KIDS and kindergarten transition: Updates from Early Education

By Alex Baptiste
Data Analytics Associate

KIDS is an observational tool that allows teachers to tailor instructional practices to the level of knowledge and skills that children exhibit.

Illinois is taking significant steps to reinvest in early childhood education. Last month, ISBE launched a new page for the Kindergarten Individual Development Survey (KIDS), an observational tool assessing Kindergarten readiness that will be implemented statewide this coming school year. The General Assembly passed a kindergarten transition bill (HJR 24) and allocated $50 million in new money to early education programming. These steps are key to improving education outcomes for our most vulnerable students, and we applaud them.

As we shared in Every Student Counts: The State We’re In 2016-2017, as more students have access to preschool programming, more will enter kindergarten ready to succeed, but now the state will actually be able to track student progress at the early education milestone. As kindergarteners learn and play, teachers will be trained to observe key developmental skills like social and emotional learning, language and literacy, math, and perseverance. Teachers and parents will receive information on how best to support their students, and will provide important feedback on the effectiveness of our public early education programs.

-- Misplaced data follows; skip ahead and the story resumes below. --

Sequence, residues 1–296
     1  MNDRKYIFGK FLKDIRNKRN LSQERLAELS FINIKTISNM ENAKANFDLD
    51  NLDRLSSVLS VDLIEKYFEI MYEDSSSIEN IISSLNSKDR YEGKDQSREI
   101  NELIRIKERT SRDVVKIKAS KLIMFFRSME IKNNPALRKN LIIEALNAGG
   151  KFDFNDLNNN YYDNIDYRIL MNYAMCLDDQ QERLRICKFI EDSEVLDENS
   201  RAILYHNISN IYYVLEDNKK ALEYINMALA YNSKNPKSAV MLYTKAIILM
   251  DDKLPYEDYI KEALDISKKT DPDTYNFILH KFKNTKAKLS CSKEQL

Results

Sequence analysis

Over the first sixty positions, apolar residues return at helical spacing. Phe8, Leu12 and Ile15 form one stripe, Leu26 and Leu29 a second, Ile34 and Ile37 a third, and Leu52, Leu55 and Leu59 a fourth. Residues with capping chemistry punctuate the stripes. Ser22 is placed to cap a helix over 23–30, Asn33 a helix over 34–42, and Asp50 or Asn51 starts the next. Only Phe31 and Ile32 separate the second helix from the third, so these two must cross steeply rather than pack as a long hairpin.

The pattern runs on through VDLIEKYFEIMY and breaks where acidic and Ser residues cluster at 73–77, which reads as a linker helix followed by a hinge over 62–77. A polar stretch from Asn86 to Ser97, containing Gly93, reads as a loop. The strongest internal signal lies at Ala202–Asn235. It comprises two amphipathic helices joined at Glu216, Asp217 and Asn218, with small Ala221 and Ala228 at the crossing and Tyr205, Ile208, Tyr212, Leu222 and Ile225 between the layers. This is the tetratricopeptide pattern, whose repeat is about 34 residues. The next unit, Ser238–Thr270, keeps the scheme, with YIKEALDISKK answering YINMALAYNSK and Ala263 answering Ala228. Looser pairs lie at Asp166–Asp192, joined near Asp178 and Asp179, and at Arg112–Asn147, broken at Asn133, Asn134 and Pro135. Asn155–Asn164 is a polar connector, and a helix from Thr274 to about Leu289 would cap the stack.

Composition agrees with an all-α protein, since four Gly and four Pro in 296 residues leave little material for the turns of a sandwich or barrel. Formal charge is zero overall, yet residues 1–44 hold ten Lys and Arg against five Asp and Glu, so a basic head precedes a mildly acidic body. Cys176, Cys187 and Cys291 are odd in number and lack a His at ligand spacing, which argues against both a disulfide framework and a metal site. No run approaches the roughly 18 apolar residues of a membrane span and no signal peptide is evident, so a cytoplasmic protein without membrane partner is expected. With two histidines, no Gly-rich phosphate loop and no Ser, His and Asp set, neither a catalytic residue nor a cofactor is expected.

The General Assembly’s recent passage of HJR 24 goes a step further by improving ties between early education and K-12 institutions. HJR 24 establishes a Kindergarten Transition Advisory Committee that will determine best practices for linking early education programs to K-12. Areas for exploration include how to better link communications, continuing care, professional development and data between early education programs and K-12 institutions. The committee will also provide recommendations on how to incorporate KIDS into student assessments and expand access to high quality preschool.

Both KIDS and HJR 24 will improve our understanding and prioritization of early childhood education. KIDS will help us understand the preparedness of our youngest students, while HJR 24 will bring together early education programs and K-12 institutions to better support them.

The General Assembly’s allocation of $50 million to early education provides much needed resources that will fund the continued work of KIDS, HJR, and other improvements in early childhood programing. Together, these efforts will strengthen our existing early education programs, and expand quality access to more students in the state.

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